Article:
The issue is that I’m not a good enough shot to wipe the rock chucks out myself, my husband isn’t home early enough to try, and neither of us have any of the necessary licensing to be able to use conobear traps (kill traps).  And besides that, I wouldn’t want to set a trap that powerful up in my field with my horses running around; there’s been enough damage as it is.  I’m looking for other solutions and someone with the proper paperwork to act on those solutions.  I just need to solve this rock chuck problem, and hopefully the gopher/ground squirrel problems, as soon as possible.

Got Skunks?

We have skunks under our house, do you know how to take care of that? If you said no, then we’re on the same page and this can be like a little AA meeting: Hi, I’m Amber and I have a skunk problem.  But, then again, if you said yes we are not on the same page; you are chapters ahead of me; please help.  My husband is in the Air Force so he’s currently stationed in Turkey for the next two months, or I’m sure he would know how to deal with this.  He’s been doing his best to coach me over skype, but I’m just not a woman that was made to deal with this sort of thing.  You give me a set of numbers and I’m all over it, you give me a puzzle I LOVE it; but you give me anything that matters in real time, I’m stumped.  I’m school smart, not street smart; I don’t like it but I can admit to it.

Okay, I’m off track: the skunk.  So a couple of weeks, or maybe even a month, ago a skunk sprayed somewhere off behind my yard and I didn’t think much of it, except I was a little upset that I would have to smell skunk for the next few weeks. But then, Friday night when I got home (it was a little late), I saw something run around the back corner of my house and that night the skunk smell was a little bit more potent than it had been since the skunk first sprayed.  I called my husband the next morning and he told me to check around the house and see if anything looked out of place.  I did a lap of the perimeter and noticed a fairly sized hole tucked right into the corner where the deck meets the outer wall of the house.  I’ll admit, I panicked a little bit at the thought of a skunk living under my house, but Jess (sorry, that’s my husband – Jesse) told me to wait until it was dark outside and then I could probably fill the hole and not have any problems with it.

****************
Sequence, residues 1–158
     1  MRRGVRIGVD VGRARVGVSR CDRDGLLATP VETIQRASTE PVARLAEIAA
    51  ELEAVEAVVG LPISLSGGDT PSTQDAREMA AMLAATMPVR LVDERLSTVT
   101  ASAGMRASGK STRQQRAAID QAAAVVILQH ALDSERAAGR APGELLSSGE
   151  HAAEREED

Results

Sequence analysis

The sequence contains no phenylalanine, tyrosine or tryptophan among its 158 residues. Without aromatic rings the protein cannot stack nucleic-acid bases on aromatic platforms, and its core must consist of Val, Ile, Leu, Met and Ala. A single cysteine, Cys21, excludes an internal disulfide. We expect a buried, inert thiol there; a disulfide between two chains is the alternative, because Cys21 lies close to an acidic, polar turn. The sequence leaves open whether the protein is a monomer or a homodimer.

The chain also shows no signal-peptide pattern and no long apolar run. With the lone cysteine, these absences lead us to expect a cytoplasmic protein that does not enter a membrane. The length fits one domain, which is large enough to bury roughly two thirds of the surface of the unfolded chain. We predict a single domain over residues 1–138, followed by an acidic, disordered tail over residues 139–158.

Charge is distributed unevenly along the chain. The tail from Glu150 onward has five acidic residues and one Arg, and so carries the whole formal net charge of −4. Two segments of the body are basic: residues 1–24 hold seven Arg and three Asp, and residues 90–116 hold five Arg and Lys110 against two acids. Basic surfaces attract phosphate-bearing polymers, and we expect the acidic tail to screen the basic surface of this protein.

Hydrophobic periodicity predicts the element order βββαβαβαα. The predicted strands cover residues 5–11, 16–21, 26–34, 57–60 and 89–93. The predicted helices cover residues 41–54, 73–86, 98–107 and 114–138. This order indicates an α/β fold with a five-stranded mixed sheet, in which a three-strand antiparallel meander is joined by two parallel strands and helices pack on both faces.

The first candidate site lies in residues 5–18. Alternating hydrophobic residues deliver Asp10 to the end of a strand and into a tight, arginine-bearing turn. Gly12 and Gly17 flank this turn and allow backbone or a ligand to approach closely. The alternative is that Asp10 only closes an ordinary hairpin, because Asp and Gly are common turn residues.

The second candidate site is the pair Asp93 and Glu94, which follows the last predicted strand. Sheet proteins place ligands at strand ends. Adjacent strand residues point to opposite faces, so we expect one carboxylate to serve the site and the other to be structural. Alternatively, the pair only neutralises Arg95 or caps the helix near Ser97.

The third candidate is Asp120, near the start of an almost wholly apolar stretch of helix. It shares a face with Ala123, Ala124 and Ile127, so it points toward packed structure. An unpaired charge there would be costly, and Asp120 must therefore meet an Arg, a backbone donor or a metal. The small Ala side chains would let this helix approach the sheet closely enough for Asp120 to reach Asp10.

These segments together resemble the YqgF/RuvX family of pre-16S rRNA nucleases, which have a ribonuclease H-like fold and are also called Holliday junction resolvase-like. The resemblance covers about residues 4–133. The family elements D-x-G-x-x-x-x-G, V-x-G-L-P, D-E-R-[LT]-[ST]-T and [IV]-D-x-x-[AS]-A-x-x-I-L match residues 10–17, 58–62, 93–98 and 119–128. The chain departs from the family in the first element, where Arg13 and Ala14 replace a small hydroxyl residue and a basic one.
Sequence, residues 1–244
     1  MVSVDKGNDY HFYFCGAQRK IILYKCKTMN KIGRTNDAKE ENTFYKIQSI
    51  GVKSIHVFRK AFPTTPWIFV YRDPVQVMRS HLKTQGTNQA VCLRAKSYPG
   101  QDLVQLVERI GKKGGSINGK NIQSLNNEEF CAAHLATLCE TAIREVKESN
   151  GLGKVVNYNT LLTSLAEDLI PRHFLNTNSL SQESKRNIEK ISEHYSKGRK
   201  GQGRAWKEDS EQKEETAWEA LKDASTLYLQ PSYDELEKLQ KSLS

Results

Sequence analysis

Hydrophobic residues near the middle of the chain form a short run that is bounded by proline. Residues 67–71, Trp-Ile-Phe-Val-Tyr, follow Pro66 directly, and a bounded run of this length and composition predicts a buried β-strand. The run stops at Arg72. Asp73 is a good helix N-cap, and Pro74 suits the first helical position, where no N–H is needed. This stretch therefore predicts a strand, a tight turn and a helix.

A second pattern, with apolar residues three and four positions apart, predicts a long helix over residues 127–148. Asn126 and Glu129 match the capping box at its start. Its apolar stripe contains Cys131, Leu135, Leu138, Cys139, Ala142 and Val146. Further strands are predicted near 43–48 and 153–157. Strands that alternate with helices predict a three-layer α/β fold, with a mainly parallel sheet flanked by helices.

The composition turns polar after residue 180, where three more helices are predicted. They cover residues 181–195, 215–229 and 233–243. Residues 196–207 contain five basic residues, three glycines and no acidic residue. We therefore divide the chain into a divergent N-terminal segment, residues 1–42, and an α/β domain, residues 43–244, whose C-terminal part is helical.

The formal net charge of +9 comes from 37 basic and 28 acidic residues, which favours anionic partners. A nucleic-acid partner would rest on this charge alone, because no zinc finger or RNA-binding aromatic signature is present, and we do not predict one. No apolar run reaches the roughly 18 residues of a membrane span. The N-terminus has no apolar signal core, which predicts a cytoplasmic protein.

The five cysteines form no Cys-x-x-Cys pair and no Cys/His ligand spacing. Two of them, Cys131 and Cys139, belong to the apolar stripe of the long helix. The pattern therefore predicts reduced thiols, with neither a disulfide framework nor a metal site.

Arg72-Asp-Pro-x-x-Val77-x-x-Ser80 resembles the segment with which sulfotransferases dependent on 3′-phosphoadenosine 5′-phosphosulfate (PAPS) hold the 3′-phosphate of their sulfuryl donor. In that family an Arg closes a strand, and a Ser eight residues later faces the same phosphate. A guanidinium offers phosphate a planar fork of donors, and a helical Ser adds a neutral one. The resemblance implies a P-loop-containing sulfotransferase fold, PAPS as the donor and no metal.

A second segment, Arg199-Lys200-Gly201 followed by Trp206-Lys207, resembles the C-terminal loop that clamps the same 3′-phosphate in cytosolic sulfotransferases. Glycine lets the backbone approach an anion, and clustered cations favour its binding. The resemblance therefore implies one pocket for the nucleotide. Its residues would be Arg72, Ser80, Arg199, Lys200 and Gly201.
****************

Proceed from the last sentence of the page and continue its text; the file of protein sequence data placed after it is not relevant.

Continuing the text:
When you don’t know much about what you’re doing, you just follow directions so that night around 10, I took some fertilizer I had in the shed and poured it into the hole until I felt like it was good and filled.  Sunday morning I woke up feeling very proud of myself and went to check my good work, except it wasn’t nearly as good as I thought it was.  In fact, it was so NOT good that I buried the skunk under the house, and he or she (I don’t discriminate) dug their way up and out, which meant I still had a problem.  That night I could definitely tell something was back under the house, so I called Jesse in the morning and told him what happened. He wants me to trap it but let’s be honest, if I couldn’t work dirt I won’t be able to work a trap.  I know he doesn’t want me to call someone for help, but I don’t want to do this myself and I can’t realistically wait for Jesse to come home and do it.  I need help!

A Thief in the Night

You would not believe the day I had yesterday, first I had to fire my best Sales Lead because he was skimming on the sales profits, and then I get home to find a raccoon had killed one of my chickens, kidnapped another, and scared the others eggless.  At first I didn’t even think that it was possible they could have been taken out of the cage, considering it is completely wired off – even on top.  Not to mention my yard its self is fenced off from the neighbors and the street to keep my dogs in and, I had hoped, other predators out.

With everything happening at work, I got home fairly late, around 10 o’clock.  All I wanted to do was eat ANYTHING that wasn’t fast food (it was a long day), take a hot shower, and get some sleep.  It was around 11 when I was just getting out of the shower and I heard squawking, barking, and a whole lot of movement.  I ran outside to see a raccoon climb out of the chicken pen with a squirming hen in hand and a dead one right behind.  I was a little stunned as I watched it run across the yard and climb into one of my trees where he proceeded to kill the other chicken.  Honestly, at that point I didn’t feel like I could do anything so I just watched as he ran down the tree, up the fence, and off into the night.

I’m (mostly) at peace with what happened last night, I don’t feel like there was anything I could have done to stop it; but I’m not okay with that raccoon thinking he can come into my yard at any time for some free dinner so I need to take some more preventative steps so my chickens and dogs are safe in the future.  I’m not sure if this is something I would set out traps for?  I’m going to call a local wildlife company and get their opinion on whether or not I should try and catch the specific raccoon or if I should just redo my chicken coop for added security and get bigger dogs.  I’m kidding about the dogs, but I really do need to do something and I need to do it before that raccoon comes back.